Little Water, but Blame, Blame Everywhere : Rationing: According to people around Los Angeles, there’s no shortage of culprits behind the mayor’s call for mandatory conservation.


Please don’t bother Jean Caby with talk of droughts. For him, water rationing is simply irrelevant.

“We don’t use city water,” the Bel-Air homeowner said. “We fill our pool with Evian.”

It seemed to be a joke.

Across town, Ricardo Rodriguez-Santana was not in such good humor about Mayor Tom Bradley’s call last week for mandatory water rationing. In fact, the thought of cutting back his family’s water made him so mad the anger boiled out in two languages at once.


“There is NO problema in this area,” the Cuban immigrant shouted Saturday from the lime-green porch of his home in the Pico-Union district. “Porque people here no got nada! Beverly Hills! Hollywood! The people con money use all the water. THEY are the problema.

From one parched end of Los Angeles to the other Saturday, it seemed somebody else was to blame for any shortage of water.

People with brown lawns blamed the people down the street with green ones. Poor people blamed the rich. Others, like Josephine Scott, dealt in specifics, describing individual water-wasters they had nabbed wet-handed.

“Why, I caught a man just a few minutes ago, watering his sidewalk up at Arden and 5th,” the retired nurse reported, gesturing with her cane down the verdant, mansion-lined streets of Hancock Park.

“I’ve been policing the area,” Scott said, casting a dark glance toward the offending home. Each day during her three-mile constitutional she keeps a lookout for sprinklers that overshoot their lawns and gardeners who clean up with garden hoses instead of leaf-blowers.

“I just told that man, ‘It’s against the law to do that,’ ” she said, “but do you know, he just defied me.”

In an attempt to head off water shortages if drought conditions persist, Bradley has asked the City Council for quick passage of a plan that would require water consumers in Los Angeles to cut 10% from their 1986 consumption levels or face heavy financial penalties.

Hearings on the proposal begin this week in the council’s Commerce, Energy and National Resources Committee, and the rationing, if the council approves it, could go into effect as early as June.

Initial reaction from the council has been positive.

Angelenos interviewed Saturday, however, didn’t seem so sure.

“He’s moving in the right direction, although (water rationing) may be a bit premature,” said Elna Bakker, a naturalist who has nonetheless re-landscaped her Mt. Washington home with drought-resistant flowers and trees.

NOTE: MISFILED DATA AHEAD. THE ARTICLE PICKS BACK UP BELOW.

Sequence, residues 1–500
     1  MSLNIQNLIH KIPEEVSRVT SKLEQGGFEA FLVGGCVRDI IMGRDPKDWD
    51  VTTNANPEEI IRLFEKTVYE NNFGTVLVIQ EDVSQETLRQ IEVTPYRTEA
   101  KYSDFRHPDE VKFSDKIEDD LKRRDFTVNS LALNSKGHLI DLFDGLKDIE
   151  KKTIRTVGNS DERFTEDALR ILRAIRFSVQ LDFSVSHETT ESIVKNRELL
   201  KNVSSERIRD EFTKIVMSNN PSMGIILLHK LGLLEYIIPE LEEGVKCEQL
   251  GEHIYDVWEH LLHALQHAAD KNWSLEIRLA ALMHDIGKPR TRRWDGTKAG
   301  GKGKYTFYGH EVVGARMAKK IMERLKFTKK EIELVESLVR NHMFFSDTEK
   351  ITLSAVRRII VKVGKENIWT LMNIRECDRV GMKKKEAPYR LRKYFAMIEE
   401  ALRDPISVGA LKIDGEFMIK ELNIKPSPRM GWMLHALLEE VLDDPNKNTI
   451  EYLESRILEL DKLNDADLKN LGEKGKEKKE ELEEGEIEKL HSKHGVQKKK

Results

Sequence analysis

A mandatory 10% cutback, Bakker said, seemed “drastic.” But Bakker said her new garden, a brilliant collage terraced with red coral trees and Mariposa lilies, is so hardy that her water bill this month is half what it was last May.

Besides, she said jokingly, a water shortage would be par for the course in her neighborhood, where malathion has been drizzling from the sky for months.

“It seems we’re in one of these whammy periods, where everything seems to hit. Drought. Medflies. All we need now is a real good earthquake,” she laughed.

In the Crenshaw District, Paulette Rayford was even less thrilled with the water-rationing idea.

“I don’t think it’s fair,” the 26-year-old mother said as she wiped the last glittering droplets from the hood of her just-washed Hyundai.

“I got to give the kids baths every night, and I got to wash dishes every day,” she said. "(The mayor) isn’t paying our water bill, so how does he know (whether it’s possible to cut back)?”

Meanwhile, in the San Fernando Valley, Michael St. Denis gave a guilty start when he was caught turning his garden hose on his 9-year-old Jetta outside his Sherman Oaks home.

“Am I going to get a ticket for this?” he said, as an arc of water splashed off his windshield and onto the street.

And Randee Brahom, 13, rolled her eyes as she stood in the very dry driveway of her Encino home ticking off all the things her teachers had said during her Earth Day lesson about water conservation.

“Turn off the faucet while you brush your teeth. Take short showers. Don’t water the lawn so much,” she said, revealing a mouthful of braces with her smile. “That kind of narrows things down, doesn’t it?”

Nonetheless, she doubted water rationing would change her life much, and her friend, Karyn Bookman, agreed. The person it would really bother, Bookman said, would be her big sister, who is 15.

“She’s in the shower for, like, an hour,” Bookman said.